According to the tradition of the land, Bodeguita Casablanca prepares stew. Two or three a day. Blessed scoops. Examples? Sailors’ noodles, tomato soup, beans with cuttlefish, chickpeas with cabbage, Andalusian tripe (callos), lentils, beans, Asturian beans with pig’s trotters, string bean and pumpkin stew, stewed potatoes…
Every midday, around two o’clock, a rice dish is prepared. Fish or shellfish paella, veal with artichokes, black with alioli (garlic mayonnaise), mixed meat, etc. And then there are specialities, of course. Whiskey omelette, pig’s cheeks in red wine, fried fish – they boast of it -, Marquis-style sirloin of veal, suckling lamb chops, lamb shank, young Argentine bull, small squid in garlic with mata broad beans, and of course, the seafood of the season.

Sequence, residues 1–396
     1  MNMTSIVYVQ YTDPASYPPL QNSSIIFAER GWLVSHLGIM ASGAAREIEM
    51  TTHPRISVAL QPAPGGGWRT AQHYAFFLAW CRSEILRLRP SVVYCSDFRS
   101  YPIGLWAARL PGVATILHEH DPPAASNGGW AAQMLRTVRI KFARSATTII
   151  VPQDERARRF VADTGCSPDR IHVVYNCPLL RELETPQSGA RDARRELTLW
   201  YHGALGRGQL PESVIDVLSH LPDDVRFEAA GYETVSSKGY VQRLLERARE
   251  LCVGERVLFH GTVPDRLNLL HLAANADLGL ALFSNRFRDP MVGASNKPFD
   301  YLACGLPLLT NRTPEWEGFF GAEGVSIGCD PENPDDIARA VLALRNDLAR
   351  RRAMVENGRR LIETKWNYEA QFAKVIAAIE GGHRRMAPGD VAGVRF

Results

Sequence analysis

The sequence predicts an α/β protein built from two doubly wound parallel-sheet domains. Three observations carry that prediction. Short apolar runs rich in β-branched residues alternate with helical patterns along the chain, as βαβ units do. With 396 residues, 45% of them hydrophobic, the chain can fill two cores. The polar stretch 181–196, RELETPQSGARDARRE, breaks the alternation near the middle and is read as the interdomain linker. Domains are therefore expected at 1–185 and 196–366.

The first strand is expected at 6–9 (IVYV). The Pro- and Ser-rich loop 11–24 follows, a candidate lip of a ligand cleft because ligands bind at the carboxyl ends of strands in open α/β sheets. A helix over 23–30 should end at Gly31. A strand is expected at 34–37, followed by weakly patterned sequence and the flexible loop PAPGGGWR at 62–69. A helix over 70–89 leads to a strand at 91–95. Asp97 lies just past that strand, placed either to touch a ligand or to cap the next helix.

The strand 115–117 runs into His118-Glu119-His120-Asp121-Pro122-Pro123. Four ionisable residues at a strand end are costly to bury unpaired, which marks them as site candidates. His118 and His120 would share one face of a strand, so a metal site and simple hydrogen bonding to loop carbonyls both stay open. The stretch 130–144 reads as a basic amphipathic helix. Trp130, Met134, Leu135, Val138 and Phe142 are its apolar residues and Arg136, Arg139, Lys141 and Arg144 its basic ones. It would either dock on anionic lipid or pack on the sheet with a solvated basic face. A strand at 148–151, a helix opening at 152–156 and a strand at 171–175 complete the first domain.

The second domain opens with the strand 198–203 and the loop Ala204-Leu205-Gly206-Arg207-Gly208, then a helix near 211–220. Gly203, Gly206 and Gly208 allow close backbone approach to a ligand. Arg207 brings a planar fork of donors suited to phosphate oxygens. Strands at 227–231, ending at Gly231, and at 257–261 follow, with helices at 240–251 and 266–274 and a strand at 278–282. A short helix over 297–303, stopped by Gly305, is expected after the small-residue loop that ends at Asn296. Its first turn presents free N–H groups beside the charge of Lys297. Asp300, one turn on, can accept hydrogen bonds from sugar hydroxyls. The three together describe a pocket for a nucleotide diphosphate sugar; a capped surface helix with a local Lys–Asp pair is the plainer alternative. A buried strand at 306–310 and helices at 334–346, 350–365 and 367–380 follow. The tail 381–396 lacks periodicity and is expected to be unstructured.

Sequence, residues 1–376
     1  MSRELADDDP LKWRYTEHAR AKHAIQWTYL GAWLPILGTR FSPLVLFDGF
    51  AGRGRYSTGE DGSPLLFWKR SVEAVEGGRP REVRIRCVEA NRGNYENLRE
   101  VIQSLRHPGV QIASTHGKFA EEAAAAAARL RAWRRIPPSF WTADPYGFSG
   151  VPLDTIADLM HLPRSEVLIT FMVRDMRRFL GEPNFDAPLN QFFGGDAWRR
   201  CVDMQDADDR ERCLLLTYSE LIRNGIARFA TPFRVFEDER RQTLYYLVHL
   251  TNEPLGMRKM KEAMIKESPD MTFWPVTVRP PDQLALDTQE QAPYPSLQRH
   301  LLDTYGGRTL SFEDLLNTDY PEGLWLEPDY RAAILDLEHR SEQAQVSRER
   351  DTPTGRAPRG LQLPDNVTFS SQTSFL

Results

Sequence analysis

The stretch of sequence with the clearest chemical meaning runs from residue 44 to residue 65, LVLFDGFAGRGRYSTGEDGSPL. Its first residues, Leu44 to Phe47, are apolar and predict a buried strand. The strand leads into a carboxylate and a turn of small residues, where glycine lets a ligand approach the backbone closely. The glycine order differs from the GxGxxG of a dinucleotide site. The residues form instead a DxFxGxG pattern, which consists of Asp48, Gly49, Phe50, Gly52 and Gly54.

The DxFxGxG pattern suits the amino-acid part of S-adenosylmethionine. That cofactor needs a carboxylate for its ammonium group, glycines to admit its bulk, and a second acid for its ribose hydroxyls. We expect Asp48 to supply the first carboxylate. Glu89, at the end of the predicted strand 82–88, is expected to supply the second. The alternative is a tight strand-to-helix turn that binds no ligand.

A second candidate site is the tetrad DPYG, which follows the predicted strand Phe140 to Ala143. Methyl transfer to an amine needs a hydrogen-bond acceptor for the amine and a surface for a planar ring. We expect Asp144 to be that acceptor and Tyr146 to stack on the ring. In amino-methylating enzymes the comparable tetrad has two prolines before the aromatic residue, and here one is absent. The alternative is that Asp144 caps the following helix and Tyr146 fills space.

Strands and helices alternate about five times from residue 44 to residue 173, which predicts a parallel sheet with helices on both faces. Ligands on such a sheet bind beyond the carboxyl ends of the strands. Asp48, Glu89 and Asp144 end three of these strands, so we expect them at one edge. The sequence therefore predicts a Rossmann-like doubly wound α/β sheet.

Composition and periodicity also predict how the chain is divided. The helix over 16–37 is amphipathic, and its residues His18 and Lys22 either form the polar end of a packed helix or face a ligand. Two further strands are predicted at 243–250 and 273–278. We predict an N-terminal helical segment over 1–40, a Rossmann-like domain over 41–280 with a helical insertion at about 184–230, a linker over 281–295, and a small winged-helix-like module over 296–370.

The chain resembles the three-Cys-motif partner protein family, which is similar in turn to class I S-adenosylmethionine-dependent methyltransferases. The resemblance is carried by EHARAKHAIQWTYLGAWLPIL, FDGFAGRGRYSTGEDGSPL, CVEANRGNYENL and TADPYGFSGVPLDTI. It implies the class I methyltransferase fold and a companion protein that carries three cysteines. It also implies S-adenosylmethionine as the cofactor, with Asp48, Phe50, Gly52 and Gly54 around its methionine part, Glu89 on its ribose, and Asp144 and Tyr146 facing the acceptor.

And who likes this traditional cuisine? Well, a purely Sevillian public. A loyal clientele who know what they want on coming through the door. Who demand without shyness. “As soon as they enter they know we have seen them. A greeting. A simple wink. We serve them as we would like to be served,” explain Antonio and Tomás Casablanca. Tourists also come in, of course. They tend to bring a note with what they want to order. Specific recommendations from those who enjoy this culinary offering.
The customer is asked for a “compass”. Spend a minute with him. And he is not given the menu. This is the place of suggestions. Of trusting in the dishes of the day. “Otherwise, we would have a robot to take commands,” they say. http://bodeguitacasablanca.com/en/traditional-cuisine/ http://bodeguitacasablanca.com/en/traditional-cuisine/ http://bodeguitacasablanca.com/en/traditional-cuisine/And it sounds like a little song with the recommended tapas. Sevillian ways.